The heat denatures the proteins and results in a more consistently thick yogurt, in my experience. Prior to instituting this practice, my results were hit and miss and it did seem to vary with what milk I used. This has also eliminated the grainy texture that I sometimes got.

        1 Reply
        1. re: kapusta

          This is a key step. Heating to that temp kills off competitive bacteria and also denatures one specific protein that can prevent the proper yogurt protein matrix from forming.

          I'd check to make sure your temps are correct, triomphe, using a different thermometer. I heat to 180F also but keep it there only for a minute or so, which sounds similar to what you're doing. When the milk has cooled to 105F, I add the starter.

          It also sounds as if your starter might not have enough active microorganisms to create yogurt. I like Stonyfield for use as a starter culture, if you don't purchase a specific yogurt culture. It's been written that Stonyfield has more active yogurt micro-organisms per volume than other brands.

          Make sure your incubation temp is in the correct window, and that the temp is consistent over several hours, at least 8 and up to 15, depending on how tart you like your yogurt.

          Long yogurt thread with many tips:

          Good luck!

        2. One thing you might have to consider is that the milk in California has more protein (and calcium) than milk sold anywhere else. I believe former Gov. Arnold signed a law requiring the milk to be "enhanced".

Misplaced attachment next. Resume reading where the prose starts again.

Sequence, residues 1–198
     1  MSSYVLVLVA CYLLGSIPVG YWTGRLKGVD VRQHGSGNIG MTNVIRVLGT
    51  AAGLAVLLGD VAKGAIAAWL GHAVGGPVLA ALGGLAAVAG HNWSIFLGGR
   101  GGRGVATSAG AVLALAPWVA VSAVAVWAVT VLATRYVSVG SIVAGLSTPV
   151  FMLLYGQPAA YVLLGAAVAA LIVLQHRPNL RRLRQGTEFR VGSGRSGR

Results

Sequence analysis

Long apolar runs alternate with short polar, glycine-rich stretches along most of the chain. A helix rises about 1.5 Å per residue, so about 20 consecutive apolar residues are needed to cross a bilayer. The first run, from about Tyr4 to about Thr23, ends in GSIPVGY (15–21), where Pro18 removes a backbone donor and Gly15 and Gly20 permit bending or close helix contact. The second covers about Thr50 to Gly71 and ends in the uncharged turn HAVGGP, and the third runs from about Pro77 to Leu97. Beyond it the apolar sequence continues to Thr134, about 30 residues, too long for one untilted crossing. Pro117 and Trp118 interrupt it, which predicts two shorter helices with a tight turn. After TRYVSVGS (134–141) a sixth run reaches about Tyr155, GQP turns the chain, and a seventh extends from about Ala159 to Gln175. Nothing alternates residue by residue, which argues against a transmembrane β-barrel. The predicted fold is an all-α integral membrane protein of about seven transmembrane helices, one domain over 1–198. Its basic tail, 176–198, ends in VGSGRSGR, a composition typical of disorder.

Maybe that's the problem?

          11 Replies
          1. re: dave_c

            I never thought of the milk! That might indeed be the inconsistency. The cultures probably aren't different coast to coast (Skyr, Danon, Stonyfield, cheapo store brand) but the milk certainly is.

            Kapusta: Interesting thought about holding the milk for 20 minutes. I bring it up to temp and right back down. I'll try the raise-and-hold technique. Hotoynoodle, maybe that's where that slow cooker can come in.

            1. re: dave_c

              i was fascinated by this bit so did some ggogle-fu.

              calif. milk advisory board:

              California’s milk standards exceed federal standards because California processors add nonfat milk solids which offer improved taste and nutritional benefits. California milks exceed the federal guidelines for the amounts of calcium and protein in each serving.

              gaah. can't they just raise healthier cows? why are they adding stuff in after the fact? jeebus.